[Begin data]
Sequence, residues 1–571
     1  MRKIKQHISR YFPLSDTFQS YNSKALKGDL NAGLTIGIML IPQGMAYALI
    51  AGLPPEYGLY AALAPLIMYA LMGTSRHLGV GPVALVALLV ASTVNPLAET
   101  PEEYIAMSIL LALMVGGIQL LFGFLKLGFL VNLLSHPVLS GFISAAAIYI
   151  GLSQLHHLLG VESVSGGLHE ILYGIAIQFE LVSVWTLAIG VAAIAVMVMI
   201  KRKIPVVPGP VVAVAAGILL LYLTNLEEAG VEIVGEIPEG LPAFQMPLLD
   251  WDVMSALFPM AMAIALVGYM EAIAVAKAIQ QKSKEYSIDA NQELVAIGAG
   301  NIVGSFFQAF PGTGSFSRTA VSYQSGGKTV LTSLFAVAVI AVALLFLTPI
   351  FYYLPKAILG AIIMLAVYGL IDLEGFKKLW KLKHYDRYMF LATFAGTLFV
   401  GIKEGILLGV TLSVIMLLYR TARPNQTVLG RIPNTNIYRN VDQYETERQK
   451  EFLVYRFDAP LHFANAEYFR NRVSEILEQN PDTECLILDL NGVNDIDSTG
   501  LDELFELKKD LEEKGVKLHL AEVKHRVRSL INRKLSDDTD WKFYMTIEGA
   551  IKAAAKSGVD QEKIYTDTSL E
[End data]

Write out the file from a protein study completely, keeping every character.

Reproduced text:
Sequence, residues 1–571
     1  MRKIKQHISR YFPLSDTFQS YNSKALKGDL NAGLTIGIML IPQGMAYALI
    51  AGLPPEYGLY AALAPLIMYA LMGTSRHLGV GPVALVALLV ASTVNPLAET
   101  PEEYIAMSIL LALMVGGIQL LFGFLKLGFL VNLLSHPVLS GFISAAAIYI
   151  GLSQLHHLLG VESVSGGLHE ILYGIAIQFE LVSVWTLAIG VAAIAVMVMI
   201  KRKIPVVPGP VVAVAAGILL LYLTNLEEAG VEIVGEIPEG LPAFQMPLLD
   251  WDVMSALFPM AMAIALVGYM EAIAVAKAIQ QKSKEYSIDA NQELVAIGAG
   301  NIVGSFFQAF PGTGSFSRTA VSYQSGGKTV LTSLFAVAVI AVALLFLTPI
   351  FYYLPKAILG AIIMLAVYGL IDLEGFKKLW KLKHYDRYMF LATFAGTLFV
   401  GIKEGILLGV TLSVIMLLYR TARPNQTVLG RIPNTNIYRN VDQYETERQK
   451  EFLVYRFDAP LHFANAEYFR NRVSEILEQN PDTECLILDL NGVNDIDSTG
   501  LDELFELKKD LEEKGVKLHL AEVKHRVRSL INRKLSDDTD WKFYMTIEGA
   551  IKAAAKSGVD QEKIYTDTSL E